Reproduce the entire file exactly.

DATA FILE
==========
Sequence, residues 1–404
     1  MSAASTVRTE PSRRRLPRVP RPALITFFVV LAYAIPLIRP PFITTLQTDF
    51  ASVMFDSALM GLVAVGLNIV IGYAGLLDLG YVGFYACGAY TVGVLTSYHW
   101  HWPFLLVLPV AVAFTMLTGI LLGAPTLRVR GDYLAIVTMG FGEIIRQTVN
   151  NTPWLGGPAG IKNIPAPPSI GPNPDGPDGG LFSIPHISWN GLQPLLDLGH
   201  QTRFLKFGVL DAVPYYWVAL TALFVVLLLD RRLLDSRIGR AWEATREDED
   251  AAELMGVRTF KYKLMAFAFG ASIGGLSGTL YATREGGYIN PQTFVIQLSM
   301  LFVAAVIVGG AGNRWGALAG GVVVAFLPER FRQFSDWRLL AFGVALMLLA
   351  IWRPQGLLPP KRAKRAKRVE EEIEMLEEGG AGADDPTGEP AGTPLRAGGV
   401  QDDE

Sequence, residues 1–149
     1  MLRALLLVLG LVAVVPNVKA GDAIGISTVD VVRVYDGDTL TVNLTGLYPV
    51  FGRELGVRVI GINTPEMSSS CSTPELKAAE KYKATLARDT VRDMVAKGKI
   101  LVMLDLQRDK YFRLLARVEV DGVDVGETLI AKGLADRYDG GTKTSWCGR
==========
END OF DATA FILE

Sequence, residues 1–404
     1  MSAASTVRTE PSRRRLPRVP RPALITFFVV LAYAIPLIRP PFITTLQTDF
    51  ASVMFDSALM GLVAVGLNIV IGYAGLLDLG YVGFYACGAY TVGVLTSYHW
   101  HWPFLLVLPV AVAFTMLTGI LLGAPTLRVR GDYLAIVTMG FGEIIRQTVN
   151  NTPWLGGPAG IKNIPAPPSI GPNPDGPDGG LFSIPHISWN GLQPLLDLGH
   201  QTRFLKFGVL DAVPYYWVAL TALFVVLLLD RRLLDSRIGR AWEATREDED
   251  AAELMGVRTF KYKLMAFAFG ASIGGLSGTL YATREGGYIN PQTFVIQLSM
   301  LFVAAVIVGG AGNRWGALAG GVVVAFLPER FRQFSDWRLL AFGVALMLLA
   351  IWRPQGLLPP KRAKRAKRVE EEIEMLEEGG AGADDPTGEP AGTPLRAGGV
   401  QDDE

Sequence, residues 1–149
     1  MLRALLLVLG LVAVVPNVKA GDAIGISTVD VVRVYDGDTL TVNLTGLYPV
    51  FGRELGVRVI GINTPEMSSS CSTPELKAAE KYKATLARDT VRDMVAKGKI
   101  LVMLDLQRDK YFRLLARVEV DGVDVGETLI AKGLADRYDG GTKTSWCGR